.
.
.
.

Twitter says glitch exposed ‘substantial’ number of users’ passwords

Published: Updated:

Twitter Inc urged its more than 330 million users to change their passwords after a glitch exposed some in plain text on its internal computer network.

The social network said an internal investigation had found no indication passwords were stolen or misused by insiders, but that it urged all users to consider changing their passwords "out of an abundance of caution."

The blog did not say how many passwords were affected.

Twitter practice is to store passwords encrypted, or "hashed," so they are masked to even people inside the company, Twitter chief technology officer Parag Agrawal explained in a blog post.

"Due to a bug, passwords were written to an internal log before completing the hashing process," he said.

"We found this error ourselves, removed the passwords, and are implementing plans to prevent this bug from happening again."

The San Francisco-based internet company did not specify how many passwords were exposed or how long the glitch made data vulnerable to snooping.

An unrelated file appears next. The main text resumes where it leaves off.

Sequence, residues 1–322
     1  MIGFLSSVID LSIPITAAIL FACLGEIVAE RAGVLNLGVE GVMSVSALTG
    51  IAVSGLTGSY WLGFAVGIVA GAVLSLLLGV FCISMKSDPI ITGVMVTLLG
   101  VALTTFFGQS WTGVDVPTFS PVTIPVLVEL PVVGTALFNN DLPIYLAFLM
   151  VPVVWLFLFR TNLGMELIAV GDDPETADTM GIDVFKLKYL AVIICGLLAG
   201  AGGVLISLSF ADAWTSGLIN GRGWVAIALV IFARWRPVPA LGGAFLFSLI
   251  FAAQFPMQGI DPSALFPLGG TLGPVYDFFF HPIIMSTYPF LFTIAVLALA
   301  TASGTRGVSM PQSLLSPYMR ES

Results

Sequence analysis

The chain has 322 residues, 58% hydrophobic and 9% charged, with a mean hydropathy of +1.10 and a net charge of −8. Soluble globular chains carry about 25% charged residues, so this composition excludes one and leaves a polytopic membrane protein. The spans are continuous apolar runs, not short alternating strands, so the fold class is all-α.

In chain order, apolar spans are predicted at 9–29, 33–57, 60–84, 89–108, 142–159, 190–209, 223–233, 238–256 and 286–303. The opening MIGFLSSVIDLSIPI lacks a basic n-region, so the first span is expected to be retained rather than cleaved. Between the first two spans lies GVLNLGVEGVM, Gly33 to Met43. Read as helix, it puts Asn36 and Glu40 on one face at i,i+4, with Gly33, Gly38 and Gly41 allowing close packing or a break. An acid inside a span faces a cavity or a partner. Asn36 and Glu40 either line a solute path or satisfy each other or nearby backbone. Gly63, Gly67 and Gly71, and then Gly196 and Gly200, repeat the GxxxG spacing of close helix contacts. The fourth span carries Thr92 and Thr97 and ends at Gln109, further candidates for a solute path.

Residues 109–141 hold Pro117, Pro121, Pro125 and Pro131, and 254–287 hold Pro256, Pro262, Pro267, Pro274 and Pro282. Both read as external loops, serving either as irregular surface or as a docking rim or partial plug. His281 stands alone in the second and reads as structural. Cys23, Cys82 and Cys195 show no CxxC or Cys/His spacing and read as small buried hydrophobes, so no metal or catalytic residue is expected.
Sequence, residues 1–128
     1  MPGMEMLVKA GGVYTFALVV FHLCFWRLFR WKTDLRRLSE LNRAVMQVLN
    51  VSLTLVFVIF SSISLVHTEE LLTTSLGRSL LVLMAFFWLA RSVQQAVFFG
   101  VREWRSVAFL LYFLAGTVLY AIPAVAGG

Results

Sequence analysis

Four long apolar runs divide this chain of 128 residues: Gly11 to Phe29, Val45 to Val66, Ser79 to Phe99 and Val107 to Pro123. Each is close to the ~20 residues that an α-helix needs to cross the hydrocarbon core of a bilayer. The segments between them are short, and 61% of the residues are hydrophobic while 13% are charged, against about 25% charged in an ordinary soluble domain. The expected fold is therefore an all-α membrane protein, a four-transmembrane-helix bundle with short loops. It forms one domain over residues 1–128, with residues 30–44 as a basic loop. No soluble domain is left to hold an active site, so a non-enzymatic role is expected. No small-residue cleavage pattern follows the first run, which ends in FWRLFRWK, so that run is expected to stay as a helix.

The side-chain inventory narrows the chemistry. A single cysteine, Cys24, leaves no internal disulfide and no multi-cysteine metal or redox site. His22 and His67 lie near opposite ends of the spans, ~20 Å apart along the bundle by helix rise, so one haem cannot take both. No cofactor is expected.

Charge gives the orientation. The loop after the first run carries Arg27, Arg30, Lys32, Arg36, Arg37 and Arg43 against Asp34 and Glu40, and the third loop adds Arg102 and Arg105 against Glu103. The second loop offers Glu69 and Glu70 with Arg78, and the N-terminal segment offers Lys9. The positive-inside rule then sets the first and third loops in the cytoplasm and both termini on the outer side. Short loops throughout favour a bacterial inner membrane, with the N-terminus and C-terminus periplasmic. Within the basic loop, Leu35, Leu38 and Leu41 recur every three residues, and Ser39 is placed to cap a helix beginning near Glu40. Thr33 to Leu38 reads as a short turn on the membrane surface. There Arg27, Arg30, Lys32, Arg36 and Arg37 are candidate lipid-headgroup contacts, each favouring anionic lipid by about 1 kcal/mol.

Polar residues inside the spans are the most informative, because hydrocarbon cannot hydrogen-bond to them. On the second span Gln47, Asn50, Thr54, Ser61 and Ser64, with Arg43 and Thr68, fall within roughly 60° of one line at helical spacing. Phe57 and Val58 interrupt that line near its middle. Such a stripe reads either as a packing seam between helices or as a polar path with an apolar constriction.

"Out of an abundance of caution, we ask that you consider changing your password on all services where you've used this password," Agrawal told users.

"We are very sorry this happened," he said.

The stumble comes as the sector faces intense scrutiny over the protection of personal data online, in the wake of the Cambridge Analytica scandal which saw information from tens of millions of Facebook users hijacked and misused.

Twitter last week reported its second consecutive quarterly profit, boosting the outlook for the messaging platform after years in the red.

The social network earned $61 million in the first three months of the year, helped by strong growth in advertising revenue and modest gains in users.

First quarter revenues rose 21 percent from a year ago to $665 million, and the key metric of monthly active users increased by six million from late last year to 336 million.

Chief executive Jack Dorsey said recent changes made to the service have helped "engagement," a measure of how often people turn to the social network and how long they stay.

While Twitter has built a solid core base of celebrities, politicians and journalists, it has failed to match the broader appeal of Facebook and other social platforms, hurting its ability to bring in ad revenues.

The network has stepped up efforts to boost its user base and engagement, adding streaming video partnerships, doubling the character limit on tweets to 280 and making it easier to create "tweetstorms" by stringing messaging together.